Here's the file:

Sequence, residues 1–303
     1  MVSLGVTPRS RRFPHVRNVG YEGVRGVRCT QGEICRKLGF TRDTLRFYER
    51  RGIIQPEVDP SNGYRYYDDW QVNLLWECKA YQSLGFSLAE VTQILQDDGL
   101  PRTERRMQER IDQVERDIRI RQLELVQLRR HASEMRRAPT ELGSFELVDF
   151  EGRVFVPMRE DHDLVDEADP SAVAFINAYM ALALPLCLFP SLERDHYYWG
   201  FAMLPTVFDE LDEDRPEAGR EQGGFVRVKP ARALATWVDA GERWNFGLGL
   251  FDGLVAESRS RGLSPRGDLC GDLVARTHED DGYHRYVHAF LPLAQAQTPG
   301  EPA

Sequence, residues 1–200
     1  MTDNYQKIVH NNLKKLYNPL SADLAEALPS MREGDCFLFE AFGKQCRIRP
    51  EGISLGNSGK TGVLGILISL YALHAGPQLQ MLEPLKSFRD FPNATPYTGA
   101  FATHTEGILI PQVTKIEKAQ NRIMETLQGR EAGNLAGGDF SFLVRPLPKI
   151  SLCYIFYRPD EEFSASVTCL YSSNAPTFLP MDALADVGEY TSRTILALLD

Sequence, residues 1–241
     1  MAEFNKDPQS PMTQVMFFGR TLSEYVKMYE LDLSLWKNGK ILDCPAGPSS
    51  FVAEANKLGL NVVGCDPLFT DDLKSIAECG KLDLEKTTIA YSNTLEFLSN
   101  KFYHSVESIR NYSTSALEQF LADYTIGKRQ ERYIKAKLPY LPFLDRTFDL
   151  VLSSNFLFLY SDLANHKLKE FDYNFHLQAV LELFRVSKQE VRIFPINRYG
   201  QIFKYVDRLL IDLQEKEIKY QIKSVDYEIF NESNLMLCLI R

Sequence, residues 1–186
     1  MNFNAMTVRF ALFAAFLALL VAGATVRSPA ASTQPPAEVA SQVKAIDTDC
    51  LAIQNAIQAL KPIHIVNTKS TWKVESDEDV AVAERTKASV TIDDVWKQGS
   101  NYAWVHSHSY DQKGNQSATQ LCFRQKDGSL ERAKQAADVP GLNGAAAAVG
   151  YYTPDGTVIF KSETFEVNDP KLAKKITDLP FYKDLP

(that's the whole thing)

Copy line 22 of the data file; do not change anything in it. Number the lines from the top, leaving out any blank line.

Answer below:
    51  LAIQNAIQAL KPIHIVNTKS TWKVESDEDV AVAERTKASV TIDDVWKQGS